Sakura Square / 1255 19th St
Click here for map: Sakura Square / 1255 19th St / lat 39.75180443380005 lon -104.99341277415398
Call 720-845-5413 extension 18 to hear this dream.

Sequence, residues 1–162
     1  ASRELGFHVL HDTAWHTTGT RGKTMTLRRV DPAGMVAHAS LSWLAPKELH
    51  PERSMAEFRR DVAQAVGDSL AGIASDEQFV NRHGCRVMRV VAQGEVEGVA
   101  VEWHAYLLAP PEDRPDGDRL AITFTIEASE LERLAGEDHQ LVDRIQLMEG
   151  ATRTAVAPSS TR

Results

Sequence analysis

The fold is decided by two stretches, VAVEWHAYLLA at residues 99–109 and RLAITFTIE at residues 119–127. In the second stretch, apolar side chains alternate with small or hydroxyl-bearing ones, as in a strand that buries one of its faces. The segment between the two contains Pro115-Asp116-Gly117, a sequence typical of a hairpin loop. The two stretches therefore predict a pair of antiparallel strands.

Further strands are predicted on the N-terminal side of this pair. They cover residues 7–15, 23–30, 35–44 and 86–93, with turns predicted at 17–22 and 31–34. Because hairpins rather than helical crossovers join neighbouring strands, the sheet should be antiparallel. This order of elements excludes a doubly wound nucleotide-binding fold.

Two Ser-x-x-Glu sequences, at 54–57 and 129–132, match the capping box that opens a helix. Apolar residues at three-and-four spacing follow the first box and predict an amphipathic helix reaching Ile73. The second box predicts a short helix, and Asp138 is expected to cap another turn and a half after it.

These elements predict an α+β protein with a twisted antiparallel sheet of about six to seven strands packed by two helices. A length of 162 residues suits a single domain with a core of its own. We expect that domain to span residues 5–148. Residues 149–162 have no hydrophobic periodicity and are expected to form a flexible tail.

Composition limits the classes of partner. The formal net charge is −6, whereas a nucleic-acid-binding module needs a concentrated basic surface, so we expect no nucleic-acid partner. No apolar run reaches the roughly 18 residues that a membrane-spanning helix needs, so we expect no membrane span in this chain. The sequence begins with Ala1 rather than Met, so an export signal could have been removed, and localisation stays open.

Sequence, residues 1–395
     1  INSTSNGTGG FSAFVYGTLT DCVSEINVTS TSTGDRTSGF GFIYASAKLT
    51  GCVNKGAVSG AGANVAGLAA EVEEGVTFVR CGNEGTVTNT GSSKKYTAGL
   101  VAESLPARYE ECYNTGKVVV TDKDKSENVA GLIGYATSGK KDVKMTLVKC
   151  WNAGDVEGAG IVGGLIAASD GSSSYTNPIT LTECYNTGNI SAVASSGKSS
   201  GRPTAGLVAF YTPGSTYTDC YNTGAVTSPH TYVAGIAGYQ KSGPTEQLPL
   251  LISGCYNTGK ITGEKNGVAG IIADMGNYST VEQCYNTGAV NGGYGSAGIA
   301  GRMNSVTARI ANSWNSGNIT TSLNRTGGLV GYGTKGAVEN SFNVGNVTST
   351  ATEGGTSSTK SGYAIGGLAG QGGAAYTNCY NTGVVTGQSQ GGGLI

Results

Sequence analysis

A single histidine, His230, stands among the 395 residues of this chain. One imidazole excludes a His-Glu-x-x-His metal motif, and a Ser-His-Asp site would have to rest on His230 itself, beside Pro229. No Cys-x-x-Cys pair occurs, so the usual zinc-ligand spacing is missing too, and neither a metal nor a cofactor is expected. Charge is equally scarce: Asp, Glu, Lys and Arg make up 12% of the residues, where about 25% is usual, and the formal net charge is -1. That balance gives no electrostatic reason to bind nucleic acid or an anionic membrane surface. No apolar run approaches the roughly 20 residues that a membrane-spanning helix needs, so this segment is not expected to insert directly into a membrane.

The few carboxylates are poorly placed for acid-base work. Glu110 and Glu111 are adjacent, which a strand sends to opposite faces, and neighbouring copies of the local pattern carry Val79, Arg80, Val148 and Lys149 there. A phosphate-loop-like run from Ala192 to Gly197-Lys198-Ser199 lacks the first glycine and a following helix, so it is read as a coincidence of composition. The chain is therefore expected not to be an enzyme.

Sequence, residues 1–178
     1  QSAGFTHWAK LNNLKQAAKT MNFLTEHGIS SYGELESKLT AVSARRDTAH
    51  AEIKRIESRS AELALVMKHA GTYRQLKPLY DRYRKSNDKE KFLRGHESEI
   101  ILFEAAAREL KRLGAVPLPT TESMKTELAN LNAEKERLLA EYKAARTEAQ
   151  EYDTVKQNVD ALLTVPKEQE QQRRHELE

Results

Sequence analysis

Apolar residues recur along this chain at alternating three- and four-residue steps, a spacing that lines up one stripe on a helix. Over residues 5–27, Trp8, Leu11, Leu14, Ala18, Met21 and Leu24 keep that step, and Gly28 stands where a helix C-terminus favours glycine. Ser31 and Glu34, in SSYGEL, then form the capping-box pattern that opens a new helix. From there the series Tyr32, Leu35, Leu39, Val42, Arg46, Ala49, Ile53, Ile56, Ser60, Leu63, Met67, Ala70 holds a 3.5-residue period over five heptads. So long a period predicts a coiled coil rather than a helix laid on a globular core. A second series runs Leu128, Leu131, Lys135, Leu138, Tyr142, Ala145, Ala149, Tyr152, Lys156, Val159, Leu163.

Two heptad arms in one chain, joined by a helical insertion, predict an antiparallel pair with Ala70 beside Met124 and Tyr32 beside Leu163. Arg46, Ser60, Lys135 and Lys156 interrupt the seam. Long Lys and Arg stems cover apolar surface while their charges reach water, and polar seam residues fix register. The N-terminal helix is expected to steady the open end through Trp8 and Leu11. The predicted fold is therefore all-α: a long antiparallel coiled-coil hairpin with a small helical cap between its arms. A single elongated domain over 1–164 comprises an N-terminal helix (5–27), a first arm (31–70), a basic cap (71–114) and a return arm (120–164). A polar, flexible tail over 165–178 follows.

You are a superhero, wearing a costume with a mask & a cape & everything. And all around you people walking by & driving by & sitting in the sun are in superhero costumes too. You’re unsure what you’re super-powers are, though. You hop onto a parked car’s hood & leap into the air to see if you might be able to fly, but you just land back on the ground. You punch a metal sign to see if you might have super strength, but you just scrape your knuckles. All the other superheroes around you seem to have already figured out their powers. They hover over the sidewalks or flicker in & out of visibility & conjure little lightning bolts down from the sky & then play with them like yo-yos. Disheartened, you wander up into the garden & stand before the statue of Minoru Yasui & read about how he defied the unjust laws against Japanese-Americans. Suddenly the superheroes with their flying around & their little lightning bolts don’t seem so important at all. They perform their super-powers like tricks, amused by their own wonderful abilities. Maybe the cape & the costume & the super-human trickery is not what makes one a hero at all. You take your costume off. Beneath it, you are wearing your regular clothes. They feel good. You feel like yourself. And in that moment you know that the heroic things you can do are the things that only you can do, not super-human things, but the things you can do to help people when you are able to do them. You look up into the sky & see a single, chubby cloud floating in the blue expanse. And you see a person sitting nearby in the sun who looks very thirsty. You pull a paper straw from the little pocket. You pull the straw out & out, out to the full extension of your arm, then switch hands & pull further with the other arm & then further & further, the paper straw rising higher & higher into the air, never wobbling or folding over, rising straight up until the straw’s far tip reaches the cloud. Then you take a little pair of silver scissors out & cut an end to the paper straw on your side & hold the end to your lips. You carry the end of the straw to the thirty-looking person & hand it to them. They take a long sip of the cloud through the straw, drawing the cool, refreshing vapor down into their mouth.